next sibling parent reply dsimcha <dsimcha yahoo.com> writes:
At a meta level, I never really understood all these calls for more strictness
in
D to prevent bugs.  We already have a garbage collector and rules that prevent
the
most common C bugs.  I generally find that the vast majority of time I spend
debugging D code (which is more relevant than the number of bugs) comes from one
of two sources:

1.  Cases where I intentionally bypass safety features (for example, using
manual
memory management, unsafe casting where the type system is just getting in the
way, or unchecked shared-memory multithreading) for performance or convenience
reasons.  In these cases what's really needed is to make existing safe features
more usable and efficient so I'm not as tempted to bypass them.

2.  High-level/domain-specific logic errors.  About the only language features
that will help here are good abstraction capabilities (so I only need to get
complicated algorithmic code right once, and can then reuse it) and good
contracts/asserts (which D mostly has, though I'd love an alwaysAssert() or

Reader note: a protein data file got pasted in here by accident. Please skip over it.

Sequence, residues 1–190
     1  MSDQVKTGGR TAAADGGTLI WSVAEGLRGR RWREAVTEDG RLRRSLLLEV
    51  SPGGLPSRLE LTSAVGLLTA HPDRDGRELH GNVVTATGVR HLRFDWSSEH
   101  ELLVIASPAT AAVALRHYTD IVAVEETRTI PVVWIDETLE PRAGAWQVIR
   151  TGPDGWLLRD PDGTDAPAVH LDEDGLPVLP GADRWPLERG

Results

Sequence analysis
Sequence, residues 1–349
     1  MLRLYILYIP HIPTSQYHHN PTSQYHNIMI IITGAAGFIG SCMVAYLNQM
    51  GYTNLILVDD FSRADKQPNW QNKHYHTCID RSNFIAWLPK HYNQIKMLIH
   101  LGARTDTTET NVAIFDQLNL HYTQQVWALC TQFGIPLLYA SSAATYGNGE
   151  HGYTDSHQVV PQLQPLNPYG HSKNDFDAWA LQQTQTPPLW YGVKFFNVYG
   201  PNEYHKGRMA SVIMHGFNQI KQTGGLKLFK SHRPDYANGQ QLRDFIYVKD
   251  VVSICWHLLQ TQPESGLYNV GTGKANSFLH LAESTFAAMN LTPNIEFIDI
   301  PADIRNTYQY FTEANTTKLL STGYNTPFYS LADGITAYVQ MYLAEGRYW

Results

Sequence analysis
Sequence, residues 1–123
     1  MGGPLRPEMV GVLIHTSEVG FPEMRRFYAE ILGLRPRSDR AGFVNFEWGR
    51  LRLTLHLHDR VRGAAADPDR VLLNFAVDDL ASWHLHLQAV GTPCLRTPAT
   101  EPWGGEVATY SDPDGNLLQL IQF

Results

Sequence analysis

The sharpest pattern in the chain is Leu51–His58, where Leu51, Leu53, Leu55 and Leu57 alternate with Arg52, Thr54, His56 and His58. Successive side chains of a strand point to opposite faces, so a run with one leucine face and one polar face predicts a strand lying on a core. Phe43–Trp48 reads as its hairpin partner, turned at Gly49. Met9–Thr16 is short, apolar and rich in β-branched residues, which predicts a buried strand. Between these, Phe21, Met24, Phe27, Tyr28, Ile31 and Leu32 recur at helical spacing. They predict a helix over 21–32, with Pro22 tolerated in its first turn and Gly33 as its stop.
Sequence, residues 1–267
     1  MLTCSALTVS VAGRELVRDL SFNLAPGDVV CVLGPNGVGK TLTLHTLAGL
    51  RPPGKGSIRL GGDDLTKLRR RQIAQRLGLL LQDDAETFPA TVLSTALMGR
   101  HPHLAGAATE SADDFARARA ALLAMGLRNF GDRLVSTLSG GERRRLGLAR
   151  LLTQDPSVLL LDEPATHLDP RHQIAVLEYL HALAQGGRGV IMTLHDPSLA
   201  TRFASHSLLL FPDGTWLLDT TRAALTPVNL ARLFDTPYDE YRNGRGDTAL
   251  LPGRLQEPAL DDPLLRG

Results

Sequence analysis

something that throws an AssertError instead of Exception, like assert(), but
isn't compiled out in release mode, like enforce(),).  One other thing that
might
help here is finer grained control over bounds checking.  I'd love to leave
bounds
checking on for most of a program, but turn it off just for certain
performance-critical classes/structs/functions.
Oct 23 2010
parent bearophile <bearophileHUGS lycos.com> writes:
dsimcha:

 At a meta level, I never really understood all these calls for more strictness
in
 D to prevent bugs.

Every time I suggest something I try to give a rationale for it, and you are able to shot down my arguments. While if you want a general answer I can't help you much, it's experience from coding & debugging and from reading about how things are done in languages where bugs are much less common compared to C (such languages do exist, as Ada and SPARK and few others).
 1.  Cases where I intentionally bypass safety features (for example, using